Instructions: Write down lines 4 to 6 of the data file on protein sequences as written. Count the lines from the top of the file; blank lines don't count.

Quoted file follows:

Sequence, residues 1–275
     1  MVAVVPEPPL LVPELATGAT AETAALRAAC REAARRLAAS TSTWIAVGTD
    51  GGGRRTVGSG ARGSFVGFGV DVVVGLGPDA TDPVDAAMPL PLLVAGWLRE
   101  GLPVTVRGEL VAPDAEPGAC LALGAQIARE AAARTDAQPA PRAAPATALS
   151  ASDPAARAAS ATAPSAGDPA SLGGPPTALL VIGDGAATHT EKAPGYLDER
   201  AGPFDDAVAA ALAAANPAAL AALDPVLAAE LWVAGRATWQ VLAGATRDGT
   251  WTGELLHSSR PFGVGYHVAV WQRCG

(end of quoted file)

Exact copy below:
   101  GLPVTVRGEL VAPDAEPGAC LALGAQIARE AAARTDAQPA PRAAPATALS
   151  ASDPAARAAS ATAPSAGDPA SLGGPPTALL VIGDGAATHT EKAPGYLDER
   201  AGPFDDAVAA ALAAANPAAL AALDPVLAAE LWVAGRATWQ VLAGATRDGT